In this fresh and exciting re-reading of Acts—which some have termed the “Gospel of the Holy Spirit”—twenty-three scholars and practitioners of Christian mission and ministry reflect on key texts from the perspective of the contemporary apostolate. Reflecting the best available scholarship, the authors consistently make connections between the biblical text and their own personal narratives. From contexts as varied as church-planting among Asian immigrants to archeological work at the University of Pennsylvania, they intertwine their personal narratives with the practice of theology in a myriad of postmodern contexts. Under titles such as, “From Doingness to Beingness,” and “Peter’s Conversion: A Culinary Disaster Launches the Gentile Mission,” this book takes on the hard practical questions that confront missioners within the North American context as well as overseas.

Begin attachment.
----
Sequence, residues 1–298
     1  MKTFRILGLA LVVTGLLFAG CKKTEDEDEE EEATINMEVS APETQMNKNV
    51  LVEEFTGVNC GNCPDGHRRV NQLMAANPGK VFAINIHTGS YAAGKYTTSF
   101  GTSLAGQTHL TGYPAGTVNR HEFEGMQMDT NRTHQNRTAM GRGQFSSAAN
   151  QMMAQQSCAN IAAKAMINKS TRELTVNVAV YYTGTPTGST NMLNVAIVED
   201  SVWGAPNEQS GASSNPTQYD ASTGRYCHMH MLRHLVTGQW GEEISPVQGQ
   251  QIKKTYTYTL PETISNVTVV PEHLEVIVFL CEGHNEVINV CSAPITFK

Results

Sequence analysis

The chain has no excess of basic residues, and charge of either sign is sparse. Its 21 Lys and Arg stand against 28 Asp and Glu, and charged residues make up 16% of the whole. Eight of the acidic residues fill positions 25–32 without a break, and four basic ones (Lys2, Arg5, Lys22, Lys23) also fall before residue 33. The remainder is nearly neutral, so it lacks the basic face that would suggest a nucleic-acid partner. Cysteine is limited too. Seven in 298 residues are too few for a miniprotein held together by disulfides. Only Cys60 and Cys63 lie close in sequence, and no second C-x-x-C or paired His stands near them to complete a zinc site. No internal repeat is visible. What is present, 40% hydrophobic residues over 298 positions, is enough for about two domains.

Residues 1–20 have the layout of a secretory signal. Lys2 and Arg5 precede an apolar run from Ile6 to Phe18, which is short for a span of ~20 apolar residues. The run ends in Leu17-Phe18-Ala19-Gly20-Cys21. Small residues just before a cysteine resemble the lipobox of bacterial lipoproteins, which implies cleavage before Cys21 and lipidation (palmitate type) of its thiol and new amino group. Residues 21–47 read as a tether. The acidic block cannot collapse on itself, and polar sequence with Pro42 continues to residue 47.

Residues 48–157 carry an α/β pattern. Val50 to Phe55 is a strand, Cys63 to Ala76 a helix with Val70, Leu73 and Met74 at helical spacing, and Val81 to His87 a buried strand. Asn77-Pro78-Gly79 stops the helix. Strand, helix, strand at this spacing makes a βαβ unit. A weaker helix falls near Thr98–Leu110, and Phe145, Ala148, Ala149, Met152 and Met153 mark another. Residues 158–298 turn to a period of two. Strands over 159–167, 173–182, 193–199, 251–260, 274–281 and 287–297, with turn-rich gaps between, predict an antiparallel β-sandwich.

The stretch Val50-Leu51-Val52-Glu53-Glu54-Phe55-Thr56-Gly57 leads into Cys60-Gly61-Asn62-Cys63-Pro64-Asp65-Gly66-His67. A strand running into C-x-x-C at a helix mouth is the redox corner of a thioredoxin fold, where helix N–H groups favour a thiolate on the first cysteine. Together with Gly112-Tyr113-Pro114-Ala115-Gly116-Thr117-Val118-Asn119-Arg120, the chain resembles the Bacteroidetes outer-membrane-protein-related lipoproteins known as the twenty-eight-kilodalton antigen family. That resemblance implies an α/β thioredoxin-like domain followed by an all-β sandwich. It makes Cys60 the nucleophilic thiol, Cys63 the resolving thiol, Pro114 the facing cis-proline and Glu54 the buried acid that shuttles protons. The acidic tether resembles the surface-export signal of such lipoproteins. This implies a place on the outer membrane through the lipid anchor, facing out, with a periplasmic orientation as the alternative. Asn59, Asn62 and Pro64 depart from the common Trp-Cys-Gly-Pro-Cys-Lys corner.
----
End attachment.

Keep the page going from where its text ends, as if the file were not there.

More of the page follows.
Robert L. Gallagher teaches history, theology, and leadership studies at Wheaton College Graduate School, Wheaton, Illinois. He served as a theological educator in Papua New Guinea and the South Pacific.
Paul Hertig is professor of global studies and sociology at Azusa Pacific University and directs an urban immersion program in Los Angeles, California.